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Do you understand what REAL colleges and Universities are for?

They teach various AREAS of study in the Sciences, Arts, and Social Sciences. Colleges give you a general degree. Universities give you a FOCUS.

If you are trying to get a degree in Literature it's not supposed to be geared toward teaching you about all those "survival skills" you list. Not for the DEGREE anyway.

Colleges and University have electives that can help with that. But you were already supposed to be learning that from life experience; by getting a starting job, learning to socialize with other people (not video/snap/text/chat!), or going to some vocational school. High school is supposed to teach one the very basics. College is where you work on your interests in hopes it will lead to a life career.

The OP is correct. The kids are wasting their time and everyone's money trying to get a degree with as little effort as possible by these B/S diversionary tactics.

Get your damn degree, prove you KNOW your stuff, then you can suggest teaching such "new areas" yourself.

Both colleges AND universities are teaching this garbage to students. The UC system in California is rife with extremist professors overstepping their bounds and inundating students with their hypersensitive obsession with race and politics.

My brother is younger than me, and attended a UC school in California. Even his math professor spewed liberal diatribes at the students, and they had to sit there and listen, or risk p!ssing off the guy in charge of whether they passed the class or not.
Of course, this math professor leaned left.


And remember, I'm the OP, and the article I shared was in regards to Yale University, not Podunk Junior College in Buttscratch, KY.
 

Sweden

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They need more time in school before reaching college. Then they might have heard of Phillis Wheatley, Anne Spencer, or James Weldon Johnson.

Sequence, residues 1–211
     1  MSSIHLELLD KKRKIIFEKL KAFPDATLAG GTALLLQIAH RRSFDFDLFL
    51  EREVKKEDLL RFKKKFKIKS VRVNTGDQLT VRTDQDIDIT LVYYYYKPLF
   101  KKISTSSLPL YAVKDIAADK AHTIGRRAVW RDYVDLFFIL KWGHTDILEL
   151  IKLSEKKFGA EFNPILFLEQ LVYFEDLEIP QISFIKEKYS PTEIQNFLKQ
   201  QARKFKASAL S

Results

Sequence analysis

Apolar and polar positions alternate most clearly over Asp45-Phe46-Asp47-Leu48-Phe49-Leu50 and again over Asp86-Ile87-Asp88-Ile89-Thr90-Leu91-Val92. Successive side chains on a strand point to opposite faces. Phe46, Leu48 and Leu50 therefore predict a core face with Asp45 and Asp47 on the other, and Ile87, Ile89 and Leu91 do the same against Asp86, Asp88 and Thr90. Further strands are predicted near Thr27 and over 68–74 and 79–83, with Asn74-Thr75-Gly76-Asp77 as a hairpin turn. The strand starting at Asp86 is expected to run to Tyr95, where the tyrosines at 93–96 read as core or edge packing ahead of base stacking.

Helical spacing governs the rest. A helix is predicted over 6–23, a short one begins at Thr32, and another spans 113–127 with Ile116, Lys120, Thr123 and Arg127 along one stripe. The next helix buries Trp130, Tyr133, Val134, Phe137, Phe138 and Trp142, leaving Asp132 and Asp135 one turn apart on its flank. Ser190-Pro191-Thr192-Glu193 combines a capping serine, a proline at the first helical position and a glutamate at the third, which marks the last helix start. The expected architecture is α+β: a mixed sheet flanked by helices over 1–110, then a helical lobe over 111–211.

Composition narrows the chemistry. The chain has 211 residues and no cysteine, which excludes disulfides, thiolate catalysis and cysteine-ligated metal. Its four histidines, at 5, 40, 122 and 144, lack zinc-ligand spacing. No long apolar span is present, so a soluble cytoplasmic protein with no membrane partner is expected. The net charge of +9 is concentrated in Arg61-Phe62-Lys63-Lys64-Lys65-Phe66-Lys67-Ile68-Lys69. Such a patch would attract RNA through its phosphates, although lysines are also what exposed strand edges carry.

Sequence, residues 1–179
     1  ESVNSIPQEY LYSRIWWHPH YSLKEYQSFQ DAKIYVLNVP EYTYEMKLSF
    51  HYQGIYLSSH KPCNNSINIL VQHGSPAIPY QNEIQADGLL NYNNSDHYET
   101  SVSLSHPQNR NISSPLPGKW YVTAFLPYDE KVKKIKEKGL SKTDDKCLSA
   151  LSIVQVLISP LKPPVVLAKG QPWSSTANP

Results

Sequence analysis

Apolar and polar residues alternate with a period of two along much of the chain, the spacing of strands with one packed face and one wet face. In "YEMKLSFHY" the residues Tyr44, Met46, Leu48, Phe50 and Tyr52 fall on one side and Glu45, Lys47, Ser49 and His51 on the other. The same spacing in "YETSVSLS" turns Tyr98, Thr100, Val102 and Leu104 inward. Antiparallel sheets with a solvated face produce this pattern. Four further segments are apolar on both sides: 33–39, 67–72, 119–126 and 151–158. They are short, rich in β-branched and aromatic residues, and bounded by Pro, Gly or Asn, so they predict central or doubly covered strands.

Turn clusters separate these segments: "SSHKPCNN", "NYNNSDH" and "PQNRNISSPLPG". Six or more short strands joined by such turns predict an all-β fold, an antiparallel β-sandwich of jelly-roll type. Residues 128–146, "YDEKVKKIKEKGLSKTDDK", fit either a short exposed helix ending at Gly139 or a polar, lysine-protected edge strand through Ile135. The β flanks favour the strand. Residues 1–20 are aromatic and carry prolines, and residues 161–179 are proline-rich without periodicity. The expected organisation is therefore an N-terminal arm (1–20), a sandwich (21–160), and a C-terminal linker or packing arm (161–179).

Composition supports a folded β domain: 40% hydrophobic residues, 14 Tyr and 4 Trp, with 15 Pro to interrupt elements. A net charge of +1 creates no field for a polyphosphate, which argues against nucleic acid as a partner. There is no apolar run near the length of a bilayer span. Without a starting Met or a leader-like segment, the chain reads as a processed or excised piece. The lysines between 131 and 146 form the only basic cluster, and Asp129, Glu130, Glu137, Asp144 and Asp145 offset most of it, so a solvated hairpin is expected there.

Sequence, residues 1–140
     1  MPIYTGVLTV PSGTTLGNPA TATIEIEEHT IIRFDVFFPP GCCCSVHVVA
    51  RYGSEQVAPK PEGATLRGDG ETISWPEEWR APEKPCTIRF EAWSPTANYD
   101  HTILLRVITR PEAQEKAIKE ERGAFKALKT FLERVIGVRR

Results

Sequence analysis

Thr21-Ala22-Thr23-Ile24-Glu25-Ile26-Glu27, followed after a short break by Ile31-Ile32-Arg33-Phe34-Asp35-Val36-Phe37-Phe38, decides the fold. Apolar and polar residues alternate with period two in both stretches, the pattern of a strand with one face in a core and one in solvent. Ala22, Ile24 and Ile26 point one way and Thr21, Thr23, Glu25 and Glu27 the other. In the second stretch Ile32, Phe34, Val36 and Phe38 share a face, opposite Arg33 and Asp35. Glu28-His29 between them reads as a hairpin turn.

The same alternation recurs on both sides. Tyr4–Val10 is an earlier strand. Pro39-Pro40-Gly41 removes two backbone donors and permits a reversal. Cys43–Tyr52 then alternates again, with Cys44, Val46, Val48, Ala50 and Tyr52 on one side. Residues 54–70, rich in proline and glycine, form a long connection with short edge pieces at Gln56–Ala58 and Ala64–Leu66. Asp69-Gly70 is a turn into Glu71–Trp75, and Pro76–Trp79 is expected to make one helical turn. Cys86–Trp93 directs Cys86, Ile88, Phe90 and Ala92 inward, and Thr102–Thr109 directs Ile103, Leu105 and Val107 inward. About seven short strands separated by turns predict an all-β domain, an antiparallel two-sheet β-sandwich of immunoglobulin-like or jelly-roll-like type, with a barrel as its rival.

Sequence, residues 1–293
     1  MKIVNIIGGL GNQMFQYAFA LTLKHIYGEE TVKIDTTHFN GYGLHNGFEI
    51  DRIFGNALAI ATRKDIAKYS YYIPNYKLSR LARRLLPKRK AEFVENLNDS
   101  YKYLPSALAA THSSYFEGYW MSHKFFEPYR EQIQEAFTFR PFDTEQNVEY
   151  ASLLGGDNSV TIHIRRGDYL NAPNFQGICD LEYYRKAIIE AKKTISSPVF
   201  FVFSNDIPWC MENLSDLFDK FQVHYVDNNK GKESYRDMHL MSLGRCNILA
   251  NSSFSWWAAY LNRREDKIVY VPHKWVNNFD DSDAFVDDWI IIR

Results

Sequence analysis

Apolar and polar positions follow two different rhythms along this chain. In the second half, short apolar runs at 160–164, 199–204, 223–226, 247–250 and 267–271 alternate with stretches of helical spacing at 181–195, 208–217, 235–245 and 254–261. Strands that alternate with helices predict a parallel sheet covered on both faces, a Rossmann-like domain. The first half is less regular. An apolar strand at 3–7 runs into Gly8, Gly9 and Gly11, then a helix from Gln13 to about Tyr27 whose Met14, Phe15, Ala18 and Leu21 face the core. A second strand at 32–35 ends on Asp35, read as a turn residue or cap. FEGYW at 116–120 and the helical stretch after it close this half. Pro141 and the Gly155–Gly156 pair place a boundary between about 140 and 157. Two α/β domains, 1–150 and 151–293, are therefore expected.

:shrug: I like poetry...

At least if its college students they are generally just wasting their own or their parents' money.

It is dangerous for a woman to defy the gods;
To taunt them with the tongue's thin tip,
Or strut in the weakness of mere humanity,
Or draw a line daring them to cross;
The gods own the searing lightning,
The drowning waters, tormenting fears
And anger of red sins.

Anne Spencer

No, not more time in school, but more time on Earth aka the Real World. No admission to college under the age of thirty - that's my suggestion. ..... but what do I know I never went to college.
 

Hawkeye10

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That really sums it all up joG. I think many schools aren't really teaching useful real world skills to college students. Instead they focus on a lot of political material, and emphasizing things like "white privilege" and "societal racism". Minority kids hear this stuff and think the world is out to get them.

Imo, colleges should focus more on preparing students for what they'll face once they graduate college, such as high competition for jobs, the shrinking of the middle class, loss of good paying jobs, rising rents, etc.

The problem is that professors are highly paid, but don't really compete in life the way most employed people do. So they can teach a lot of theories and rhetoric that actually is putting kids at a disadvantage.

Well for damn sure they are not teaching how to evaluate or how to learn, nor the ancient wisdom this civilization has passed down to us, those people sucked! *biting sarcasm*

EDIT: though I would stake my life on the notion that they were more honest than todays elite, and probably a lot more wise as well.
 

fmw

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As long as they're not demanding white males be eliminated from the curriculum, I don't understand why this is a problem.

It would be a problem if they added bad literature to the curriculum in order to satisfy the kids. Great literature is what they should use, regardless of the demographics of the author.